Home Price Gains Have Outsized Affordability Impacts
According to the National Association of Homebuilders (NAHB), 87.5 million households, 69% of the nation’s total, cannot afford a new median-priced home because their incomes are insufficient to meet typical underwriting criteria. The data is taken from NAHB‘s annual “priced-out estimates,” which indicate how rising prices and interest rates influence affordability.
Na Zhao, the study’s author, said that affordability was evaluated using a median new home price of $412,506 and a 3.5% mortgage rate, resulting in a $1,822 monthly mortgage payment. He calculated that the median household income required to qualify for a mortgage is $99,205 per year, based on those factors and a fixed price of $493 for taxes and insurance. In this case, 39.205 million households would be able to buy the median-priced home presently. However, to buy a $150,000 property using traditional assumptions and underwriting criteria, an income of $36,074 is required, yet over 36 million households earn less than that.
Confidence Slips as Builders Face Big Material Delays
In February, builder confidence suffered yet another setback. The NAHB Housing Market Index (HMI) fell one point to 82 for the month, according to the National Association of Home Builders (NAHB). It also dropped one point in January.
Builders are dealing with continued construction material production shortages, according to NAHB Chief Economist Robert Dietz. He said that “These delivery delays are raising construction costs and pricing prospective buyers out of the market. Residential construction costs are up 21 percent on a year-over-year basis. Higher interest rates in 2022 will further reduce housing affordability even as demand remains solid due to a lack of resale inventory.” However, as it has done for the past five months, the index shows steady levels at or above the 80-point line.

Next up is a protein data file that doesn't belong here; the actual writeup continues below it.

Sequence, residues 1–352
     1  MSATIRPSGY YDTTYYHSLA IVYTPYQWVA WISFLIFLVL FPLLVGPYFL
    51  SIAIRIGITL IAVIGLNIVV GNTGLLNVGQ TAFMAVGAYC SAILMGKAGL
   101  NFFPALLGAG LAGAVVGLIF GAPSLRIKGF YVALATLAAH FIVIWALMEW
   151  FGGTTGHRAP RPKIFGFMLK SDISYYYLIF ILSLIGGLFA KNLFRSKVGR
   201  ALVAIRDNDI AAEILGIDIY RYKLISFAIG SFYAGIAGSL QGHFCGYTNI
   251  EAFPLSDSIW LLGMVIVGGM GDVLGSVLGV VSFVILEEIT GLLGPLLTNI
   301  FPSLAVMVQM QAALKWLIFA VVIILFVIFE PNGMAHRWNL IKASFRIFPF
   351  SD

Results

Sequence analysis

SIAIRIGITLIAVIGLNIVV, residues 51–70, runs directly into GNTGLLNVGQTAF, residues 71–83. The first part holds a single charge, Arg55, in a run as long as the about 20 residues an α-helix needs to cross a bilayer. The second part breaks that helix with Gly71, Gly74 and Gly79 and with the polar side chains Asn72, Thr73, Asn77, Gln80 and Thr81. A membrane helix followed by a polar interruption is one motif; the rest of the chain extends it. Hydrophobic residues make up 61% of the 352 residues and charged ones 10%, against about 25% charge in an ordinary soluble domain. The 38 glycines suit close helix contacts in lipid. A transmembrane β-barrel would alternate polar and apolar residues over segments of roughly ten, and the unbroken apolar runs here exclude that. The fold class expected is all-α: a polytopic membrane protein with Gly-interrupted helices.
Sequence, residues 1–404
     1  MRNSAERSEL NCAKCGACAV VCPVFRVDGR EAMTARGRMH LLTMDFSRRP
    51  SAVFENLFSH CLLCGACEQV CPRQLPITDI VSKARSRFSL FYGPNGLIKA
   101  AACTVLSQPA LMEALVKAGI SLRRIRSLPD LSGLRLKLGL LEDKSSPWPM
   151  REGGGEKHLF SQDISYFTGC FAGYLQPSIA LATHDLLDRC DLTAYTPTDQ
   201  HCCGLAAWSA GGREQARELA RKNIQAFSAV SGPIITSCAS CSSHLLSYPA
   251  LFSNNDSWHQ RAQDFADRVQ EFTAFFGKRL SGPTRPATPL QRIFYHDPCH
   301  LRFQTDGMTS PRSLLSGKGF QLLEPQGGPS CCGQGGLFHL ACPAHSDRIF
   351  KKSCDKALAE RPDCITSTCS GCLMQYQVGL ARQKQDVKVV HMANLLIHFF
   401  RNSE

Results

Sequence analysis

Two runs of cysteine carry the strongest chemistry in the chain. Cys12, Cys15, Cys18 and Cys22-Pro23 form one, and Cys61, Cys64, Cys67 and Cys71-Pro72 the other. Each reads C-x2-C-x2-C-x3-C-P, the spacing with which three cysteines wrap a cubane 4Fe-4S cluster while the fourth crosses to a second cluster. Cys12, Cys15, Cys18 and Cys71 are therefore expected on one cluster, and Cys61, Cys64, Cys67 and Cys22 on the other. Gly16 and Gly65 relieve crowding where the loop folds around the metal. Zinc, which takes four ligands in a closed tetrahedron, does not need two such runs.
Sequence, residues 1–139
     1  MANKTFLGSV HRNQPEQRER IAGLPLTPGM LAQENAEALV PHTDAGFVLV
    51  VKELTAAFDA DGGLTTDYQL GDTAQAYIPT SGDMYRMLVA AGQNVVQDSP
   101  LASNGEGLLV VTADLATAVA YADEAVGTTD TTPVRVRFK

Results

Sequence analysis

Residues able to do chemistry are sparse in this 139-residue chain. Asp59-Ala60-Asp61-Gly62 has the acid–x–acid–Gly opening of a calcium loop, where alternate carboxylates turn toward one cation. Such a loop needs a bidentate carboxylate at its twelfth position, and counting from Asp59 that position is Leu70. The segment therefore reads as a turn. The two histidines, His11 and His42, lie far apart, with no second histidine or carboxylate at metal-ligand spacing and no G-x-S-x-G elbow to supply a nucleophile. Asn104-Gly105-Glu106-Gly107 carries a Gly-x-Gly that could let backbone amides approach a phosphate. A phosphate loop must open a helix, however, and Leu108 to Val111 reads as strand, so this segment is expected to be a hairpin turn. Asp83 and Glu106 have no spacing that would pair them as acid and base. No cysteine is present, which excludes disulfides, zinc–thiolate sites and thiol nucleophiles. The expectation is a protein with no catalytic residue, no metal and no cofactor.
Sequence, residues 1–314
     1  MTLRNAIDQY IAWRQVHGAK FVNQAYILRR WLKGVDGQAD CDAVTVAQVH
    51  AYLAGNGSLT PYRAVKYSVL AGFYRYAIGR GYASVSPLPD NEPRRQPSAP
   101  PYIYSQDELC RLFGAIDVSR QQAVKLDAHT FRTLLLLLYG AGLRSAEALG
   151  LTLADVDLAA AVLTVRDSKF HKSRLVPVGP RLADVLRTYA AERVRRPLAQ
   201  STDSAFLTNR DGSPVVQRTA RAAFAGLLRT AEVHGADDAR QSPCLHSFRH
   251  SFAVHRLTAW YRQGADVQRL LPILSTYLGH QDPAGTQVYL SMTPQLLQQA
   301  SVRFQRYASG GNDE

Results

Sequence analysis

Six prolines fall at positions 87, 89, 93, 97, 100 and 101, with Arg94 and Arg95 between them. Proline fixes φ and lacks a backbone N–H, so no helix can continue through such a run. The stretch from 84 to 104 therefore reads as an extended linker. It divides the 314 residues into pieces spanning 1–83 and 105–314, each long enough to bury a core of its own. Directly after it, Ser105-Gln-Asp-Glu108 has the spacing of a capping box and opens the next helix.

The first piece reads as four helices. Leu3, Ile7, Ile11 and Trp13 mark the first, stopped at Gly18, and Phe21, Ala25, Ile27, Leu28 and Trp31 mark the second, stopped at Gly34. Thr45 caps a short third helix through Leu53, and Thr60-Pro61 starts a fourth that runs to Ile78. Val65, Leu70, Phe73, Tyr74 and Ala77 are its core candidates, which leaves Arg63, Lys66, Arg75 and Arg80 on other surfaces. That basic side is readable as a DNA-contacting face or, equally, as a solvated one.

Out-of-Town Home Buyers Will Pay 30% More Than Locals in Hottest U.S. Markets
People migrating to some of the country’s hottest real estate markets have about 30% more money to spend on homes than locals, emphasizing housing shortages in the country’s most competitive cities. According to a new analysis from listing site Redfin Corp, the shift toward remote work has allowed many Americans to sell their homes in more expensive locations and move to cheaper ones, providing them a larger budget than locals. For instance, newcomers to Nashville, Tennessee, had $736,868 to spend on homes in 2021, 28.5 percent more than the $573,382 average budget for locals.
In the aftermath of the Covid-19 pandemic, low mortgage rates and a surge of remote-working alternatives have fuelled demand for properties in smaller cities. As purchasers fight for a diminishing number of available properties, bidding wars emerge across the U.S. housing market, particularly for higher-end real estate.
Next week’s potential market-moving reports are:
- Monday, February 21st – No Report
- Tuesday, February 22nd – Home Price Index
- Wednesday, February 23rd – No Report
- Thursday, February 24th – Initial Jobless Claims, Building Permits, New Home Sales
- Friday, February 25th – Core Inflation, Real Consumer Spending
As your mortgage and real estate professional, I am happy to assist you with any information you may need regarding mortgage or real estate trends. I welcome the opportunity to serve you in any way I possibly can. Please feel free to reach me at (800) 216-1047.